The residual heat from the day is trapped inside the house and the temperature in the bedroom climbs. Despite the fan above the bed, it keeps getting hotter, until she finally heads outside to cool off…or maybe just cool down.

She Said: “Stupid air-conditioner. Stupid men. One of them has to go.”

Do you have He Said, She Said moments in your household, too? If so, I’d love to hear about them!

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About Sheila Seabrook

Author of Single Title Romantic Comedy and Women's Fiction

Posted on July 9, 2014, in Blog Posts and tagged , , , , , , , , , , . Bookmark the permalink. 16 Comments.

  1. Too funny! You need to get one of those thermostats that you can program. It keeps the fights to a minimum. 🙂

  2. Oh, the air conditioning wars. Living in the south, we go straight from heat to air. Our house is freezing year round and I’ve learned to live in sweats and we have blankets in every room. I’d go with Tracy’s suggestion and program the thermostat, but be sure you’re the one setting the program!

  3. I can’t really relate since here in the Bay Area it’s rarely too cold or too hot. But my husband and I don’t exactly feel the heat the same nor the cold. He’ll leave the back door open and have shorts on and I’m under my little blankie shutting the back door at least half-way – a compromise, right?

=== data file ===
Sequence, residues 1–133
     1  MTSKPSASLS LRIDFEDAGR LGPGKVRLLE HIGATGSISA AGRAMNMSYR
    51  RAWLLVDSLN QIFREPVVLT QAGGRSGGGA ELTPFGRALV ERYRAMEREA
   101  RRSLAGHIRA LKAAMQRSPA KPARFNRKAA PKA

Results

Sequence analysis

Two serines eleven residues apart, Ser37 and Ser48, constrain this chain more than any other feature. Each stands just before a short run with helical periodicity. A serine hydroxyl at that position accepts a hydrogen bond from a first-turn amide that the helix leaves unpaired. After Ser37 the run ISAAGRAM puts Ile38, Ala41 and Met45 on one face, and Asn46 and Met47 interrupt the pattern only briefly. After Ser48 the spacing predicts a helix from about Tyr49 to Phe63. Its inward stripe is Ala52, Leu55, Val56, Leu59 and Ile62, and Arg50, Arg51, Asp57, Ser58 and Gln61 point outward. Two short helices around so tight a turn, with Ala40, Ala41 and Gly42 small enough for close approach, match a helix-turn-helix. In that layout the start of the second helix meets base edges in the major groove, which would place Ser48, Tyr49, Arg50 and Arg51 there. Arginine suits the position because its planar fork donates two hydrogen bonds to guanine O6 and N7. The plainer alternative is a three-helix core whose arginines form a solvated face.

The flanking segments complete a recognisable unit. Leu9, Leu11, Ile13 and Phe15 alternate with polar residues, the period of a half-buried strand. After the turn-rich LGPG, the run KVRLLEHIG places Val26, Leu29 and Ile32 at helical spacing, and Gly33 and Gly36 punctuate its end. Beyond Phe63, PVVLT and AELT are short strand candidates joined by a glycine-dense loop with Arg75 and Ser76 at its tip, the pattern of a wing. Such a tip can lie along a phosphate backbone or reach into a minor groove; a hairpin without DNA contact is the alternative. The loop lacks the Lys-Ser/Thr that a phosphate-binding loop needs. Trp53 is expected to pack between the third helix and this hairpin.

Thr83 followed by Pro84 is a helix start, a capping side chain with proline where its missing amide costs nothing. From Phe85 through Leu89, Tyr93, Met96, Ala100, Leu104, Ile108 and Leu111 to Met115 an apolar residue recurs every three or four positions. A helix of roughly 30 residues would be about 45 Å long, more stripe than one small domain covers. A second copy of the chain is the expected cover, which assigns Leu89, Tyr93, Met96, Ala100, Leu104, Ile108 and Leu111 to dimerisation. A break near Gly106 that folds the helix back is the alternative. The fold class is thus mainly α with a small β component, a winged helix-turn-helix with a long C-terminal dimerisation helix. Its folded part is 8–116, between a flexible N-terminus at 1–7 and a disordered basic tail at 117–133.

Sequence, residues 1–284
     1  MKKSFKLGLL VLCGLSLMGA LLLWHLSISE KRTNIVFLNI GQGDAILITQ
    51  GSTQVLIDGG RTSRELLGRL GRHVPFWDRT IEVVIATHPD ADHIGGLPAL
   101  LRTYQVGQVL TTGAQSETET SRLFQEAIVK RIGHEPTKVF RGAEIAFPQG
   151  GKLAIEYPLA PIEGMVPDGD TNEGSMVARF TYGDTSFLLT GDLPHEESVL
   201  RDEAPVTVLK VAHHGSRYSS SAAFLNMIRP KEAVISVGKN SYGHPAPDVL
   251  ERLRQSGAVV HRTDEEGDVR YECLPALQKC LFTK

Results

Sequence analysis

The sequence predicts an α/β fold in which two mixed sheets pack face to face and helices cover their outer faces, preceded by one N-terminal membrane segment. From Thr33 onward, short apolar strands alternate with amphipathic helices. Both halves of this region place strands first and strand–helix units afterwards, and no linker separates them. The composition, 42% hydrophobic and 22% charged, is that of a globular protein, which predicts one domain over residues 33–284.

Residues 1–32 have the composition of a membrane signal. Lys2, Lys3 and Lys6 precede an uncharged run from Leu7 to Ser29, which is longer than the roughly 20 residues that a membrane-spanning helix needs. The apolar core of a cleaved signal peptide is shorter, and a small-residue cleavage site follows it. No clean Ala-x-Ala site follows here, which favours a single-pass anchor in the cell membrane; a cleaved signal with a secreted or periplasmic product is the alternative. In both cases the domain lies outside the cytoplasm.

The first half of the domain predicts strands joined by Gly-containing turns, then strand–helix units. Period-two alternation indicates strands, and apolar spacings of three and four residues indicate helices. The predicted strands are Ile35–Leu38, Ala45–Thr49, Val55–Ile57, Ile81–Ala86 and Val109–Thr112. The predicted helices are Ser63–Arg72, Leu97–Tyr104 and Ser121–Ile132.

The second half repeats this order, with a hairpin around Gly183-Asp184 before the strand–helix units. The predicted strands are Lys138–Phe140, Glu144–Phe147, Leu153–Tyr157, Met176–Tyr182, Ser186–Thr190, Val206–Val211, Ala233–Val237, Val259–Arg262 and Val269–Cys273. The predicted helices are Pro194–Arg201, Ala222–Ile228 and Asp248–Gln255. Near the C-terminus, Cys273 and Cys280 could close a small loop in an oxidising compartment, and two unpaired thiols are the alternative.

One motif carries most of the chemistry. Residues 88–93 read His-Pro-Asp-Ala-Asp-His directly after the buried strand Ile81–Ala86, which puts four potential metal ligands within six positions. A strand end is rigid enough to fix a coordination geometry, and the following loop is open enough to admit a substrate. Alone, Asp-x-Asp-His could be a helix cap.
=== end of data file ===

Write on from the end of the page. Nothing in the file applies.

• I envy you your moderate climate, Patti. My favorite temperature is about 70F. Anything lower is sweater weather. Anything much higher…well, I guess it’s air-conditioning/blanket weather now. 🙂

  4. Sheila, I couldn’t stop laughing. Although I now live alone, the memories of the temperature wars between my mom and dad, then my brother and his wife and back in the day … the kids and me.

    I once asked my aging aunt why she and my uncle had separate bedrooms. “Well dear, we started out snuggle together in one small bed. I was always cold and your uncle was always hot. Then during my change I couldn’t stand the heat of his body and we went with separate beds.” She giggle. “Now, that we are very old, your uncle is always cold and I’m always hot.”

    Good luck to you and your hubby. I don’t think anyone ever wins the temperature war 🙂

    • We’ve never had temperature wars in our house before, Florence. During the winter, we have to turn up the heat or we all freeze. And during the summer, when it got too warm, we all roasted. I think I’m going to move to the Bay Area and live with Patti. 🙂

  5. Oh Sheila – this is too funny and so true. We don’t have air conditioning in our house either and most of the time that’s okay. Our downstairs is always considerably cooler than our up, as the downstairs used to be a basement and is entirely cinder block. Usually, this is fine as we spend most of our time downstairs.

    We did buy a portable a/c unit that vents outside for our bedroom as we both like it pretty cool when we sleep. We have to keep the bedroom door shut and turn it on about 2 hours before bedtime in order for it to work properly, but so far, it’s seems to be working.